City Paper Widget

Tuesday, October 7, 2014

90-91 Blagden Alley: Developers Commit $75,000 for New Bikeshare Station

Representatives of developer SB-Urban told Advisory Neighborhood Commission (ANC) 2F/Logan Circle October 1 that, if a development at 90-91 Blagden Alley NW is approved, the developers would contribute $75,000 for the establishment of a new Capital Bikeshare station. This promise was made during ANC2F's regular monthly meeting on October 1.

Conception of development viewed from across M Street
The previous week, the Community Development Committee (CDC) of ANC2F tabled SB-Urban's request for a zoning variance that would allow the 132-microunit Blagden Alley development to be built without parking -- see SALM blog post of September 26. They asked the presenters to rework their plan and present it again.

The request is on the agenda for reconsideration at the next meeting of the CDC, scheduled for 7pm, October 29, at the Washington Plaza Hotel (10 Thomas Circle). The offer to purchase a bikeshare station will be part of the amended plan.

CDC Chair Walt Cain (Commissioner for district 02) began the discussion by calling SB-Urban "an example of people who have dealt with the CDC in good faith". Attorney Cary Kadlecek of Goulston & Storrs represented the developers.


At the September 26 meeting, committee members observed that the additional of 132 small residences with no parking would probably great additional demand on the nearby bikeshare stations. So the developers came back with the promise to fund the station.

In an email, a representative of Capital Bikeshare said a 19-dock bikeshare station in central DC would cost around $55,000, plus about $25,000 for the first year of operation and maintenance. After the first year, Capital Bikeshare handles the cost of maintenance and operation.

Loading, unloading, deliveries

The conversation also continued about the developers' plans to deal with deliveries and garbage pickup. The revised design presented by the developers included the addition of a package delivery room facing M Street. If implemented, delivery drivers would stop on M Street and dash across the sidewalk to deliver packages. They would not need to drive bulky delivery trucks up narrow, brick-paved Blagden Alley to deliver packages to residents.

There would also be a 75-foot-long loading zone on the 9th Street side of the development where larger delivery trucks could park, presumably for a longer time. This was mentioned as a possible staging area for deliveries of supermarket food products from vendors like Peapod. One possible problem with this would be people using the loading zone to pick up and drop off from the businesses already operating on 9th Street, such as pet grooming and boarding shop Wagtime (1232 9th Street).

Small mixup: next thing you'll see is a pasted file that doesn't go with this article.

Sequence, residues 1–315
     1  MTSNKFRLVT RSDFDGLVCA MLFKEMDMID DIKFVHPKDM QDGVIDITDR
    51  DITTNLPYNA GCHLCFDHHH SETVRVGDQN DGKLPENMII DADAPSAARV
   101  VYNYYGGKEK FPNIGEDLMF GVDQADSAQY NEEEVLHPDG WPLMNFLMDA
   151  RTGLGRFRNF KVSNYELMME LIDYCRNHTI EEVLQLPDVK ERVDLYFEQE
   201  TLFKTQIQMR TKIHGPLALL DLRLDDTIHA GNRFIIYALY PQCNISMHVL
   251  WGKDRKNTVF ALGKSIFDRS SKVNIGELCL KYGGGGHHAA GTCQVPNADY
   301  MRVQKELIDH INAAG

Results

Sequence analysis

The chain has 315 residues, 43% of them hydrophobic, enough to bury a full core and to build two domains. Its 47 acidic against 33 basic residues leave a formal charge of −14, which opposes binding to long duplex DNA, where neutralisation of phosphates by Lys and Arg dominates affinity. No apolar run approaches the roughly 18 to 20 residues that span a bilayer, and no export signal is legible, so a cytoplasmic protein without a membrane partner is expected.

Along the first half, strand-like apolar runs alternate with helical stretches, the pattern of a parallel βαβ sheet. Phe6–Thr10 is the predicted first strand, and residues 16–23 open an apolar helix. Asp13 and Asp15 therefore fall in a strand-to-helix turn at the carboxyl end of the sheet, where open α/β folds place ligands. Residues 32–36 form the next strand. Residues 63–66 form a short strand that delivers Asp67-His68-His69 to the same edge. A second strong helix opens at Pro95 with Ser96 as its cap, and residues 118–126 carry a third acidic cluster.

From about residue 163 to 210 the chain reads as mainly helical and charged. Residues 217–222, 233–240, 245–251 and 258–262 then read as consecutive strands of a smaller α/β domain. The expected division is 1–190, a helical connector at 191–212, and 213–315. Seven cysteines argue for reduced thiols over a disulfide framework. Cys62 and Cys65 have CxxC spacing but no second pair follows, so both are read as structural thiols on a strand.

A remaining sticking point seemed to be garbage pickup. The developers continue to plan to have all the garbage from the 132 units brought out to the curb in two-wheeled containers and picked at M Street. This was the same as the plan they presented at the September 26 meeting. However, Kadlecek presented a new revision to the design, with a trash room and holding area on the east side of the M Street front of the building, with a door out onto the sidewalk.

"We won't have trash sitting outside for a long time," promised a member of the team representing SB-Urban.

Among the variants discussed was requiring trash pickup services to radio ahead when they are in the neighborhood, so that trash containers could be moved out to the curb and emptied as quickly as possible.

However, there will still be on-street parking in front of the building. Attendees observed it would be difficult to get the trash removed between the bumper-to-bumper parked cars. The presenters said they were not planning to ask for any M Street parking spaces to be removed to facilitate trash pick up.

No motion was proposed or vote taken at the October 1 ANC meeting.

At the September 26 CDC meeting, representatives of SB-Urban said a hearing at DC's Board of Zoning Adjustment (BZA) on the proposed zoning relief was scheduled for November 5, roughly 10 hours before the next possible meeting when the full ANC could vote to approve a revised proposal. Attorney Kedlecek asked the ANC to take special measures to expedite their request, so an approval was voted on before the scheduled hearing. Cain said he would see what he could do.

On October 1, however, Kadlecek sent a letter to the BZA, asking for the hearing to be postponed from November 5 while SB-Urban continued to work with the ANC on outstanding issues. The letter asks that the meeting be rescheduled "as soon after November 5 as possible".

At copy of the letter asking for postponement, plus other documents related to the request for zoning variance, can be seen by going to the BZA's Interactive Zoning Information System and entering case number 18852 in the search bar.

1 comment:

  1. I think the package room they proposed was also facing 9th St so that package delivery trucks could take advantage of the commercial loading zone on 9th. Their reasoning was that placing the package room there would discourage package delivery trucks from using M St or the alley for deliveries, as they'd have to walk around the block to the package room on 9th if they parked there.